I have not done a study of that base, but it still occurs today, although not very frequently. We have seen it in these very ancient games when a player played on the 3-11 point with the 3-8 point as a miai point to make a base. In the early modern era players often made the base with no provocation at all. OC, making this base would usually be slow by today's standards.
I have to disagree on a couple of points.
Not sure what you mean exactly by early modern era, but whatever the cut-off, until the late 20th century players made many moves in consideration of there being no komi, so they may not have been making this shape gratuitously.
More important, this shape is nowhere near as rare as you seem to think today. Taking a generous space, with a third-line two-space extension centred inside an otherwise empty 10x5 rectangle of points based on the sides (to attenuate the charge of provocation from nearby stones), roughly 80% of well over 1,000 games in the GoGoD database that have this pattern can be classed as modern, taking as an arbitrary cut-off point the advent of Go Seigen. Even if you want to restrict it to very recent years it is still very common, and appears without any obvious bias in all the major pro countries and with the usual cast of stars.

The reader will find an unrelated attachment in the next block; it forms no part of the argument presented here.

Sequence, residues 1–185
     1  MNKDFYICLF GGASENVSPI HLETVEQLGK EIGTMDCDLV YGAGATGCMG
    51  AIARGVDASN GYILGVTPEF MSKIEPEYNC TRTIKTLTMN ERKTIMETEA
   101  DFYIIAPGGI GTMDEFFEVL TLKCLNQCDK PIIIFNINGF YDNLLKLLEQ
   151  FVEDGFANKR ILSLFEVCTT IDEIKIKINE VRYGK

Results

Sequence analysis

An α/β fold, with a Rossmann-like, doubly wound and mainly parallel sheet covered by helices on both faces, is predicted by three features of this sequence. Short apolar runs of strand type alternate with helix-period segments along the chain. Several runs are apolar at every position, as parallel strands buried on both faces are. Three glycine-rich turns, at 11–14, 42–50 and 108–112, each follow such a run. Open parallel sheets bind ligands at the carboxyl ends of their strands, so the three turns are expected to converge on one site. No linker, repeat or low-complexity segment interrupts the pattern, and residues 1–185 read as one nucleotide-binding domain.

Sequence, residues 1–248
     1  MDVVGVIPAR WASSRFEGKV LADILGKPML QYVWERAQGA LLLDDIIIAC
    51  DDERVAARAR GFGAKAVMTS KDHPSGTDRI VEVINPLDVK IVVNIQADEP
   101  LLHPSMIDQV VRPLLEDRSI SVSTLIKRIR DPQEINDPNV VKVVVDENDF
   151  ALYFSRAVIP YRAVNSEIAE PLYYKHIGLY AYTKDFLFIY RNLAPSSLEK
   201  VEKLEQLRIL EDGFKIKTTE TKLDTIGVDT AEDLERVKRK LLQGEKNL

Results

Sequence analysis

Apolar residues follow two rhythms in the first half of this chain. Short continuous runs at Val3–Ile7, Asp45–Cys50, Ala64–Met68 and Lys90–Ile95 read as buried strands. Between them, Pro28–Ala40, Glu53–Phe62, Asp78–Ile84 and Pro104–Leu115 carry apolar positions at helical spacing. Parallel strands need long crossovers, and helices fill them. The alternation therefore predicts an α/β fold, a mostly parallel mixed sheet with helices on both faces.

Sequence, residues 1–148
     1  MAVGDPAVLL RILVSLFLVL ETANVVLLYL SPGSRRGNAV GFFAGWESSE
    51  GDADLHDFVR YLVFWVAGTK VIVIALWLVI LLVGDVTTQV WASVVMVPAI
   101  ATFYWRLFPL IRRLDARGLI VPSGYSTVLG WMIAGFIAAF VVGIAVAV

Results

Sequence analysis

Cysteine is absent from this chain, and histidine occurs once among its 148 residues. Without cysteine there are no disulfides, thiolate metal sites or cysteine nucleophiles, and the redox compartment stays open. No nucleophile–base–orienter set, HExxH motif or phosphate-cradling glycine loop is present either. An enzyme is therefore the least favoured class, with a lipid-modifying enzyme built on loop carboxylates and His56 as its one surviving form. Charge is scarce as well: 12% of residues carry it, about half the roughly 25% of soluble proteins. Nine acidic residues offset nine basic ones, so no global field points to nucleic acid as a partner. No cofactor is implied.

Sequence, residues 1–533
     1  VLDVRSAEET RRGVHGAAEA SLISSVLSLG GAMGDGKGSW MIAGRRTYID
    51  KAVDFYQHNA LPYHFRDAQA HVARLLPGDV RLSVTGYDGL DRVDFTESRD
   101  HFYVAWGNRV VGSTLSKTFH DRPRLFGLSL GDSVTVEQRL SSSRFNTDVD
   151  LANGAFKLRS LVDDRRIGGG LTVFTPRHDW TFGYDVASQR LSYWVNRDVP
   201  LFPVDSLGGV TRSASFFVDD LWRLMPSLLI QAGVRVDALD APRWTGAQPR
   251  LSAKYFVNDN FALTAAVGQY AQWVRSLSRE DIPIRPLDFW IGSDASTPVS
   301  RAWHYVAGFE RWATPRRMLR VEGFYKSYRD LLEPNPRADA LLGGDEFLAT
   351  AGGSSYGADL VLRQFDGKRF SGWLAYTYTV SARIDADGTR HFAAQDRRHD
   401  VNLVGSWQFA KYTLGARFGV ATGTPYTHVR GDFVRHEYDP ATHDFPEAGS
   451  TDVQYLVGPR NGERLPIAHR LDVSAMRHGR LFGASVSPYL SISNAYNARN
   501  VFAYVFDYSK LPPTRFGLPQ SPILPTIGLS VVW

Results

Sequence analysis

If you are counting early Edo as "early modern", with one exception the shape does not appear before 1620 (Dosaku) and is not specially common thereafter in early Japan. It is the Chinese who played it most then.
If you make the rectangle 8x5, it's ten times
more common (almost 15% of all games) and even more so in modern play. Making the cut-off date here equally arbitrary at 1980, 75% of cases are in modern games (Sansa still gets just one).
Not every case can be classed as a base pure and simple, but plenty can (most? - over 90% of cases occur in the first 50 moves), and of course even extensions from a moyo can be cut off and have to fend for themselves.
It's more the third line and pincer width that differentiate the ancients from the moderns rather than two-space bases (see also Fukui Masaaki on this topic).